Taurus to Glock ? Um, Yugo to Corvette would be the similar comparison there.
This is a discussion on Glock Questions within the Defensive Carry Guns forums, part of the Defensive Carry Discussions category; Taurus to Glock ? Um, Yugo to Corvette would be the similar comparison there....
Taurus to Glock ? Um, Yugo to Corvette would be the similar comparison there.
It doesn't matter how many well-written opinions accurately express the views of either side of the GLOCK queston. I have a Gun Shop owner/friend who hates them so deeply that he won't buy or trade for one. That's his choice & he's not the only guy who feels that way.
But they have a documented record of remarkable reliability & durability, with a worldwide following of serious shooters who view them as the benchmark by which all defensive pistols are currently measured. A new, innovative design in an already crowded market doen't make an impact like GLOCK has...unless at least some of its features are unique & desirable.
Go rent a GLOCK & bring along with some quality ammo. Then try to make it quit. Do everything you know to do in an effort to make it malfunction. I think you'll find, as I have, that (regardless of the opinions of others) you'll eventually decide you didn't bring enough ammo. GLOCKS ROCK.
There are only TWO kinds of people in this world; those who describe the world as filled with two kinds of people...and those who don't.
Did we not discuss some of this here?:
So you are certain now the Glock is what you're going for? In my opinion, you hear more about the G30 as compared to the G36 because of the magazine capacity. For some of the same reasons some shy away from Glocks are the lack of some form of external safety device for which they feel a need. Glock has safety devices just like any other pistol. Fact is----the last safety is the one with the pistol. Some folks just don't feel that confident. So---same reasons for choosing the pistol with higher capacity over one with minimal capacity--even if the latter is better concealed. Personally, I'd like to get a G36, but in my case the G19 came first. I don't really miss my G30 because it just wasn't right for me in the fit. After trading the 10+1 capacity in the smaller 45 package, I opted for a full size SIG in 45acp with 8+1 capacity. This pistol just works better for me than the former Glock.
Glocks have a proven track record. There is a reason that so many law enforcement agencies dictate Glocks as the deptartment weapon. Their failure rates are low. There could be a better looking gun out there - but none can beat the reliability of a Glock.
ALWAYS carry! - NEVER tell!
"A superior Operator is best defined as someone who uses his superior
judgement to keep himself out of situations that would require a display of his
I don't know that I can add anything illuminating here, but I have three and offer the following:
- I knew nothing about handguns and wanted a flatter learning curve;
- I wanted the same manual of arms for all of my handguns;
- I wanted as few moving parts as possible;
- I wanted proven reliability;
- I am not a "tinkerer";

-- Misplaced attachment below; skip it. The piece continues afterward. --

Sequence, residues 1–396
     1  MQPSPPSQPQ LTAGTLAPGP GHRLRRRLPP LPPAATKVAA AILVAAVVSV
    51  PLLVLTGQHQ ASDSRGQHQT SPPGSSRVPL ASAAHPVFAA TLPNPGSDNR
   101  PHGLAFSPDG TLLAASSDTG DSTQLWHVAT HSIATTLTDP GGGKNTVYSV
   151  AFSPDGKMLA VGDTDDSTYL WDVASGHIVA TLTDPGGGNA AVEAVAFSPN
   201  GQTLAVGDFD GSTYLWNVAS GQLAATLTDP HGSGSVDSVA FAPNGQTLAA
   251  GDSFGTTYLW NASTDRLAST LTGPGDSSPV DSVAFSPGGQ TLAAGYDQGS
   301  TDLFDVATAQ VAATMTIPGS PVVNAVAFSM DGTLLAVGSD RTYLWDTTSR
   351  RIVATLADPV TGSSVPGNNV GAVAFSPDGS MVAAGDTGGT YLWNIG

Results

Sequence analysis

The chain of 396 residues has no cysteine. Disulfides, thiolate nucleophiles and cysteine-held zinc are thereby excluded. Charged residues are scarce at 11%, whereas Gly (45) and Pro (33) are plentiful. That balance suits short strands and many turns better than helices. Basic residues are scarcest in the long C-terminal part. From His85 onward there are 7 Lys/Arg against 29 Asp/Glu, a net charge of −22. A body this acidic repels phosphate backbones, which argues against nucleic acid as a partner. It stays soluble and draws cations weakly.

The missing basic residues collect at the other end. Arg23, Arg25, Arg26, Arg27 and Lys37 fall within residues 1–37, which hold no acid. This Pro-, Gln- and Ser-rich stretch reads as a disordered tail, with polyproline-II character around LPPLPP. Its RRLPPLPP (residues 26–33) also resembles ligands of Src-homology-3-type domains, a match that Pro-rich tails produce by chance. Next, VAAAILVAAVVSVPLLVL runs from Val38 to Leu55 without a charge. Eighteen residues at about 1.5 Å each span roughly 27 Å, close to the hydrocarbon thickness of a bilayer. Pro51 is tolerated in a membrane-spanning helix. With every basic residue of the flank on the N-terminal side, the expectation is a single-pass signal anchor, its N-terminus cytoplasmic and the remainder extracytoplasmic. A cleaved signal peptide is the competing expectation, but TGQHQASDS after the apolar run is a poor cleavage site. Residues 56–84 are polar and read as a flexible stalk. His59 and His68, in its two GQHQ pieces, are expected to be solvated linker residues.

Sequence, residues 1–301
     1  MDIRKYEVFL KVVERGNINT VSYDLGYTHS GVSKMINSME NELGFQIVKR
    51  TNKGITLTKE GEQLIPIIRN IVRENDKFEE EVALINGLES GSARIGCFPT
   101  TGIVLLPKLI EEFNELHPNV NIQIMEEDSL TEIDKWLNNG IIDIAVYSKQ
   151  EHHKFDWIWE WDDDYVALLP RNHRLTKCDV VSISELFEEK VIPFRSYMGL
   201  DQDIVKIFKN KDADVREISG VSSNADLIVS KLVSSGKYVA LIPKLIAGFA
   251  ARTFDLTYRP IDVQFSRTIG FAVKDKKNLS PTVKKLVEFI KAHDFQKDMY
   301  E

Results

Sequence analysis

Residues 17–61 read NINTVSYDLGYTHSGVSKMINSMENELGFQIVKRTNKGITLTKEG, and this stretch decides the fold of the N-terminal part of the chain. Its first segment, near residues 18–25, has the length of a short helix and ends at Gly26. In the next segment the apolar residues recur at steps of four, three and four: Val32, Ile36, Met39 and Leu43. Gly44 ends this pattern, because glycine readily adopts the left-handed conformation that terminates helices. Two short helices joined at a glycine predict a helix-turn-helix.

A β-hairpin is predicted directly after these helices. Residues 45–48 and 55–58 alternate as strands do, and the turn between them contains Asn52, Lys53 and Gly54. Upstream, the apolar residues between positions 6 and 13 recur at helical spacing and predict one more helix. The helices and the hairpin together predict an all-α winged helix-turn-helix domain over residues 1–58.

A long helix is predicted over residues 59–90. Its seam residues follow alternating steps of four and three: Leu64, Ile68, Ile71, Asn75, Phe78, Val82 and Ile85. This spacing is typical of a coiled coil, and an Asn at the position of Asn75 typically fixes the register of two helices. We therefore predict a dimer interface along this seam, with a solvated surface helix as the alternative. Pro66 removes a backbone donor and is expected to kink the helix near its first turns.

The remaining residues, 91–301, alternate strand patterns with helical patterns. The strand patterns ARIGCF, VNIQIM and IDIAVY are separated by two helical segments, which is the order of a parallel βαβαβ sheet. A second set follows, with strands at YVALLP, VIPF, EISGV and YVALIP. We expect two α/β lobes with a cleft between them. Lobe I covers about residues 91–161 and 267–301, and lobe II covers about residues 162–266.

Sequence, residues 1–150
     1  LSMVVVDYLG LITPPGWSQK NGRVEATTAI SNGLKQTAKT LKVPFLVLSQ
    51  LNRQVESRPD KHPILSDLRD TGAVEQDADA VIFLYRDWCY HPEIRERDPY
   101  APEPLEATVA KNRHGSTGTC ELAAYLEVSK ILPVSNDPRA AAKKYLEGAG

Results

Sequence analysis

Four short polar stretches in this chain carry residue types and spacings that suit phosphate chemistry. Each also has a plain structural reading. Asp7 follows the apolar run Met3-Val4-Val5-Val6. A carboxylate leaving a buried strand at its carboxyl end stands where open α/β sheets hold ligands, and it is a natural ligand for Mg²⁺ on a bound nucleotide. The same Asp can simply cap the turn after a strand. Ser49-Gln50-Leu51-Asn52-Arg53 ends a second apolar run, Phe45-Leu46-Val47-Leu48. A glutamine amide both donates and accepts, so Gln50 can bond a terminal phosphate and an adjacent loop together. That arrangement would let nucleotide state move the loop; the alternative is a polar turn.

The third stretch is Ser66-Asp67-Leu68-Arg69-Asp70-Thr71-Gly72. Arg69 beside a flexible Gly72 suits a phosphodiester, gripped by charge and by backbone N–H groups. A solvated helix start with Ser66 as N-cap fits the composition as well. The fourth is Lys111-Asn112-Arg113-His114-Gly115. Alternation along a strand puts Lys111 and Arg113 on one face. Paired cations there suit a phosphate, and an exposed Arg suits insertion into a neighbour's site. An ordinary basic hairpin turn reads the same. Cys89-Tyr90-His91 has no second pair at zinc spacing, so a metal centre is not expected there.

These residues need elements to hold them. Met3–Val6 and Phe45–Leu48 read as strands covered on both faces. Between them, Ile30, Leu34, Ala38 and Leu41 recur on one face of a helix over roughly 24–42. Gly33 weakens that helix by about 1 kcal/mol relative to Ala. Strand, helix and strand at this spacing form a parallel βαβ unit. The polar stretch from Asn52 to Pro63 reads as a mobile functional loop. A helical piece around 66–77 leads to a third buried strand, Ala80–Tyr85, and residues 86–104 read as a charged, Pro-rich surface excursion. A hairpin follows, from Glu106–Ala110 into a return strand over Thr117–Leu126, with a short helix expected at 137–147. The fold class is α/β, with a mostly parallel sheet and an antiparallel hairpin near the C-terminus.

- I wanted it as a tool that always performed without undue "messin' around with";
- I didn't care if it was steel, poly, aluminum, or paper mache if it met my criteria; and
- I don't care if its ugly or cute
Other than that, they're kind of like driving a 12 year old chevy
Ok not adding a lot here-
I hate glocks. Always have. Oh, I carry one every waking moment... but sure dont like it. It's been 100% reliable with everything I've thrown at it, super simple, but what good is that ? It's just ugly and soulless.
Showing up at the range with a glock is so - boring. Everyone has one. Blah! I'd much rather show off my P239, 1911 in .38, or even a slab side Mk2.
But geez that glock gets the job done every day, functions well, very inexpensive mags, parts available everywhere if you need them, and a common platform to boot.
The action is mechanically as simple as possible and elegantly so. Passive safeties do render the gun safe (yet remeber your rules). Excellent design really makes for interchangeability.
Yup I do hate the glocks. Run like clockwork though :)
They're ugly as a hillbilly smile, but incredibly tough and reliable. If asthetics mean nothing to you and you're just looking for a tool to save your life then they're hard to beat.
"Any rationally thinking person is armed" ---Hinds Co. constable John Lewis
when I first started daily carry I wanted and bought a stainless pistol because it looked cool.After a while I changed my thinking to not care how cool it looked because no one should see it if im responsible with it. At that point I looked for something I could count on that was small in size large in caliber, accurate, durable,easy to get parts and holsters for and interchangeable mags.The glock 27 was my choice and when I went to look at one it was the ugliest gun ive ever held.I laughed about how it was like carring a brick.Then I shot one and it felt good and It hit where it was supposed to.I bought it and love it.Because its ugly and a daily carry I dont care what it looks like or if it gets wear marks or scratched its a tool not one of my "good guns" its perfect for what it was purchased to do.Thats to get me home to my wife and kids everyday and it hasnt failed me yet.
Well the only thing I can add to this is for 20 years as a LEO I carried a Glock for my primary weapon and my back up was a Glock...........they have never failed me.
Blessed be the Lord my strength, which teacheth my hands to war, and my fingers to fight.
Senior Instructor for Tactical and Defensive of Texas